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United States Department of Agriculture

Agricultural Research Service

Title: THE NORTH AMERICAN CONSORTIUM FOR GENOMICS OF FIBROLYTIC RUMINAL BACTERIA)

Author
item Morrison, Mark
item Nelson, Karen
item Cann, I
item Daugherty, Sean
item Forsberg, Cecil
item Hance, Iona
item White, Roderick
item Nelson, William
item Russell, James
item White, Bryan
item Wilson, David

Submitted to: MIE Bioforum
Publication Type: Abstract Only
Publication Acceptance Date: 10/20/2003
Publication Date: 11/10/2003
Citation: MORRISON, M., NELSON, K.E., CANN, I.K., DAUGHERTY, S., FORSBERG, C.W., HANCE, I., WHITE, R.M., NELSON, W., RUSSELL, J.B., WHITE, B.A., WILSON, D.B. THE NORTH AMERICAN CONSORTIUM FOR GENOMICS OF FIBROLYTIC RUMINAL BACTERIA. MIE BIOFORUM. 2003. P. 21.

Interpretive Summary:

Technical Abstract: The degradation of plant structural polysaccharides (fiber) must be improved if there is to be a more effective and profitable use of crop residues and other fibrous materials for the production of biofuels, meat, milk, and draught animal power. The North American consortium was created in 2000 from funding provided by the United States Department of Agriculture and combines the talents of scientists with interests in ruminal microbiology, microbial genomics and cellulase biochemistry. The long-term goals of our consortium are to elucidate the genetics and molecular biology underpinning fiber degradation by ruminal bacteria. The bacteria selected by our consortium for genome sequencing (Fibrobacter succinogenes, Ruminococcus albus and Prevotella ruminicola)not only have a dominant role in ruminal fiber degradation, but also possess features that are of fundamental scientific interest. The genomes of all three bacteria either have or will be sequenced to closure in the near future. Additionally, consortium members have used either suppressive subtractive hybridization (SSH) and (or) representational difference analysis (RDA) to examine genomic differences between the sequenced genomes and related strains/species. Even at these early stages, a wealth of novel and fundamental information relevant to our understanding of cellulases and cellulolytic bacteria has been produced. Indeed, identifying ways to bring the genome sequences of cellulolytic bacteria "to life" is a critical next step, because the benefits from such studies can have global implications for all industrial and agricultural applications of cellulases and cellulolytic bacteria.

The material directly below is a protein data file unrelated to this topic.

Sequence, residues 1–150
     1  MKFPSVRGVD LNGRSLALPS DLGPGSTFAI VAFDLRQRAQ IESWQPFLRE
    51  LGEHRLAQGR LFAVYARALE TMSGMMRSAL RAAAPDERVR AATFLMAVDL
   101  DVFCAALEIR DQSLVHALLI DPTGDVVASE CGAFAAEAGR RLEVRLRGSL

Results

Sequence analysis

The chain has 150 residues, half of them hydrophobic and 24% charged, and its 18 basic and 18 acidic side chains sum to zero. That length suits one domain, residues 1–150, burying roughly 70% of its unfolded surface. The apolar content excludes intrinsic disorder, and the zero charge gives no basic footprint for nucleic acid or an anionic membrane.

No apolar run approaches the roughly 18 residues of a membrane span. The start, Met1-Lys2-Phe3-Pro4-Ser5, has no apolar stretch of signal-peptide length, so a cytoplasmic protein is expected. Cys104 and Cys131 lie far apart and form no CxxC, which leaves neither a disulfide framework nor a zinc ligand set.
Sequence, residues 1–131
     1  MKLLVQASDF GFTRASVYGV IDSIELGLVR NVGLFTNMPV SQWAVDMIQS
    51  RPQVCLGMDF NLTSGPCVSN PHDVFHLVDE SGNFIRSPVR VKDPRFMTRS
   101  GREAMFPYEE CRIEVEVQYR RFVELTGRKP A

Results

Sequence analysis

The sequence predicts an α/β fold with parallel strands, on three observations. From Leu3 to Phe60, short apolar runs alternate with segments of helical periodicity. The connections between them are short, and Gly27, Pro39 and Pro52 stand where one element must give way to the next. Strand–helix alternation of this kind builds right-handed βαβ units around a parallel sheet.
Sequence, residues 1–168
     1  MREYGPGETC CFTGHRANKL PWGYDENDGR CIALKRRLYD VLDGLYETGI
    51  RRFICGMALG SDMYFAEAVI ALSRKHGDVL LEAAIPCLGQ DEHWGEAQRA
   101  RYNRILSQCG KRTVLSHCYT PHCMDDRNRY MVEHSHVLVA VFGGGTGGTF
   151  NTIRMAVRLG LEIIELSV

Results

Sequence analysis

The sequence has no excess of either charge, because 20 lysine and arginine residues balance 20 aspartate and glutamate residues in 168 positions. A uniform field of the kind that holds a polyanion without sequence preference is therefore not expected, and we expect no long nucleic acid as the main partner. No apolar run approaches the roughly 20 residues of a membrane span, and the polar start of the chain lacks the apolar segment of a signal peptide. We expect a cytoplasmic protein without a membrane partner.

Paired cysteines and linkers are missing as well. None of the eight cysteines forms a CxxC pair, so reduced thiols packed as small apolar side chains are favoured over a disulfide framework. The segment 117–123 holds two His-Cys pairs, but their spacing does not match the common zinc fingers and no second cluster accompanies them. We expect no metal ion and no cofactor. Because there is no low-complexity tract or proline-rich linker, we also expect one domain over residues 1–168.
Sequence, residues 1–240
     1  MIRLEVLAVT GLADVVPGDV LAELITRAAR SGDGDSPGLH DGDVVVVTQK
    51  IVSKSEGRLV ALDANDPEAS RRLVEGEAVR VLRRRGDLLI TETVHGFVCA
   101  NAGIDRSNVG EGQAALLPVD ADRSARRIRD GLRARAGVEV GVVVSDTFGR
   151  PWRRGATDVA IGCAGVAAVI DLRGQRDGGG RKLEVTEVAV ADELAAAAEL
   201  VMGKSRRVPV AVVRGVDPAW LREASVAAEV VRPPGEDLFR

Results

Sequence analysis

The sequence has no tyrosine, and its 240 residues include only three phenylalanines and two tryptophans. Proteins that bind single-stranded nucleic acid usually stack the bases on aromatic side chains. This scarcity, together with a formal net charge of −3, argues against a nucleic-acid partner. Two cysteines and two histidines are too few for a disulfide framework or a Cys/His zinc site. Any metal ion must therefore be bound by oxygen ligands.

Last Modified: 8/24/2016
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